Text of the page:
Ford (NYSE:F) in China

Ford (NYSE:F) Motors seem to get more and more comfortable in its new hub – China. The number of units sold in China through its joint venture with Changan has risen by 23%, as compared to last year. Looking at statistics, Changan sold 660,566 cars through October, which is well above the 536,421 figure it attained last year. Jiangling Motors Corporation, which is Ford (NYSE:F)’s Commercial vehicle investment in China sold 216,300 vehicles in the first ten months this year which is a raise of 16% from 186,920 last year.

Furthermore, statistics revealed that sales in China this year could easily cross the 1 million mark. The launch of Explorer and the Ecosport contributed to a sales jump of over 49%, along with earlier release of Kuga and the Focus. These frequent launches of new models have resulted in high sale figures in year over year gains. But the growth rate would eventually slow down.

Ford (NYSE:F) made its entry into the Chinese market very late as initially its focus was on its American operations. But the company is making up for the time it lost by investing $5 billion in the past four years, ever since it laid foot into the Chinese horizon in 2011. 15 new models will be launched in China in 2015. At the same time, Ford (NYSE:F)’s annual production will hit the 1.2 million units mark which is double the number it was back in 2012. Ford (NYSE:F) has such strong hopes attached with China that it predicts 40% of its sales coming from china only.

The Chinese automotive market is huge. In fact it’s the largest, with sales figures as high as 22 million last year. Whereas, the US market figures stood at 15.5 million in 2013, even though growth is expected but it’s expected to be slow. The Chinese market continues tobloom after country witnessed a rapid urbanization in its coastal region which contributed tremendously in vehicle demands. Now the same demand is travelling to the other parts of the region.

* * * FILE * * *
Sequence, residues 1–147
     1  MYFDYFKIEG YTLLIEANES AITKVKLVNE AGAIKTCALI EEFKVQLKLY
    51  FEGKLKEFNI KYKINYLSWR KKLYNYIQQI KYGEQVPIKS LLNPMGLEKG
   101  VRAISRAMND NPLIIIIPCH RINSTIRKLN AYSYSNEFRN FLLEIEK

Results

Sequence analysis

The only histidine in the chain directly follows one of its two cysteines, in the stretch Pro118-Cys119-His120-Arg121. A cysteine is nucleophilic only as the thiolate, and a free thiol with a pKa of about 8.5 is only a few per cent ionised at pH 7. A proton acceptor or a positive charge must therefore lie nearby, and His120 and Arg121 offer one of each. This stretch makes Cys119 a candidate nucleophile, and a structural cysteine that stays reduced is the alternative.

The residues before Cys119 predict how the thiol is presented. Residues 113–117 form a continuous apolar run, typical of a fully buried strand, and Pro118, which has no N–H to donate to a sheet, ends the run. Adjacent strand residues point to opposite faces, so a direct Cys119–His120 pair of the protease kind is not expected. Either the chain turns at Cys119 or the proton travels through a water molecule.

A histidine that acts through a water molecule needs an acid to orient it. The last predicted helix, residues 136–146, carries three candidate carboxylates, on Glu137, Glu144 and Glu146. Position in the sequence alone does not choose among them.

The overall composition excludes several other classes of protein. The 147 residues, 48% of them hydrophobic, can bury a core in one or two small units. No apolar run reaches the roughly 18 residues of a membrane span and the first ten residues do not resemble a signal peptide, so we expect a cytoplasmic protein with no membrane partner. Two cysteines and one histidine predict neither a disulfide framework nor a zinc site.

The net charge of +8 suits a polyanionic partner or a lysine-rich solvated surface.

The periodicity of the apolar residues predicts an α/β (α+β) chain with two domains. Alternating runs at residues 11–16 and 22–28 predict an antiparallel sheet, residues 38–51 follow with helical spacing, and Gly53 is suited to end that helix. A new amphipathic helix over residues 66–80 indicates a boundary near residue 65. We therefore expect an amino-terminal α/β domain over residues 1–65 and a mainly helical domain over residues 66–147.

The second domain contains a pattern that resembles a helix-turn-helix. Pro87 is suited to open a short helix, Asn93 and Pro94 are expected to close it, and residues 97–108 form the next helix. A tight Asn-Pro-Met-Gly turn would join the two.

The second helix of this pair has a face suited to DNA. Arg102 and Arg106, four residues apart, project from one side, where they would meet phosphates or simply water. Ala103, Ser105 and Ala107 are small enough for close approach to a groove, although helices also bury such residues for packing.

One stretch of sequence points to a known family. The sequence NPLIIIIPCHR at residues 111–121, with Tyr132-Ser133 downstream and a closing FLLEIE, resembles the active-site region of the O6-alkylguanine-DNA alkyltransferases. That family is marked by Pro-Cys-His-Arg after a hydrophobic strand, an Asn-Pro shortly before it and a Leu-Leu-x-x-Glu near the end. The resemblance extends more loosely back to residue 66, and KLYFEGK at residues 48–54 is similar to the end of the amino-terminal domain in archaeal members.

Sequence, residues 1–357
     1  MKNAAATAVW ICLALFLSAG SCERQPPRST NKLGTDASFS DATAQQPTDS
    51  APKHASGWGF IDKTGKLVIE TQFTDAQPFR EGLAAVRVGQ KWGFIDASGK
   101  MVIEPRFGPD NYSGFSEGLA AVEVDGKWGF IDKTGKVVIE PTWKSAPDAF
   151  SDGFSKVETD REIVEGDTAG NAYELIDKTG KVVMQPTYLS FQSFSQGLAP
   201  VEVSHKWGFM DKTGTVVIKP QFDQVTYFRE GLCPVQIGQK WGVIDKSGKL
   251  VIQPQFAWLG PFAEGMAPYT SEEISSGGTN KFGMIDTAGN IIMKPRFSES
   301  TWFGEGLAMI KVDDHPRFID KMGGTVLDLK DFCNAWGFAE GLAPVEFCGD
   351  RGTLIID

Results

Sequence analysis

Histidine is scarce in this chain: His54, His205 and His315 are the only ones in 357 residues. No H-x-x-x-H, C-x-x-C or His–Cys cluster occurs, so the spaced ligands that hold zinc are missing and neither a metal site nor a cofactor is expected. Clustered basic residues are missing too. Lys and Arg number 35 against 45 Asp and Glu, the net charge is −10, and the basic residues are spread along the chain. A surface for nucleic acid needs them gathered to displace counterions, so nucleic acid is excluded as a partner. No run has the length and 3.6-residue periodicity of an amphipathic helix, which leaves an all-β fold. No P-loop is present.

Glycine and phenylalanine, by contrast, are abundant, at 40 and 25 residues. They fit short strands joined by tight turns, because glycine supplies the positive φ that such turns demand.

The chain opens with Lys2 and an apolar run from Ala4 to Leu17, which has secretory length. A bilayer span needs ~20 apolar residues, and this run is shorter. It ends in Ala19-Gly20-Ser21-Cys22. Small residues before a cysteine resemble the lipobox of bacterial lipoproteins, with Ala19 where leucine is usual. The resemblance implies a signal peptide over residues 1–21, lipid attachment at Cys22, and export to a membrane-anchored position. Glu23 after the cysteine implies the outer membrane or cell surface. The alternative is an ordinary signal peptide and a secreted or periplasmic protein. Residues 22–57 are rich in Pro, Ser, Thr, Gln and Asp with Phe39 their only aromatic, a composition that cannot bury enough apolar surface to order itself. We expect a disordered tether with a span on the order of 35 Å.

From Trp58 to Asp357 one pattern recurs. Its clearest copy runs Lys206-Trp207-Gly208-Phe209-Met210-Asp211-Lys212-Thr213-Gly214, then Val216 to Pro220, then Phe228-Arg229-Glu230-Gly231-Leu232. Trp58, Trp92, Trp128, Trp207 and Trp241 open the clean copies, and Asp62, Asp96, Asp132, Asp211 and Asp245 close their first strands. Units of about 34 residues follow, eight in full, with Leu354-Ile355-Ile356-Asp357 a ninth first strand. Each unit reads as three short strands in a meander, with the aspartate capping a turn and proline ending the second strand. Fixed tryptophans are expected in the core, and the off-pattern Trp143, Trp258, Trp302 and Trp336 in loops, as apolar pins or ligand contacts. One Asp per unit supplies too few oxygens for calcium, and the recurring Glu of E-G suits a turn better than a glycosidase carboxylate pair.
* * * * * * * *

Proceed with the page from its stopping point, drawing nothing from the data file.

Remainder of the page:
In 2015, Ford (NYSE:F) only expects a growth of 4 to 4.5% in the long run as there has been a slowdown due to efforts made to reduce pollution. But there are additional opportunities to make up for this lost. These come in the shape of luxury cars. The demand for which gone up in the recent past, resulting in 8% rise of demand. In order to cater to these demands, Ford (NYSE:F) plans to launch its Lincoln line in China in 2015. But the nameplates will be exported from US, which would lead to high import duty. This could result in high prices, which would scare off potential buyers forcing them to opt for locally produced German luxury car, which already hold a strong perception in the Chinese market.

But it is also common for automakers, to sell off their luxury brands at a premium price as Chinese are fascinated with Western products. This could result into a huge contribution for the bottom line.

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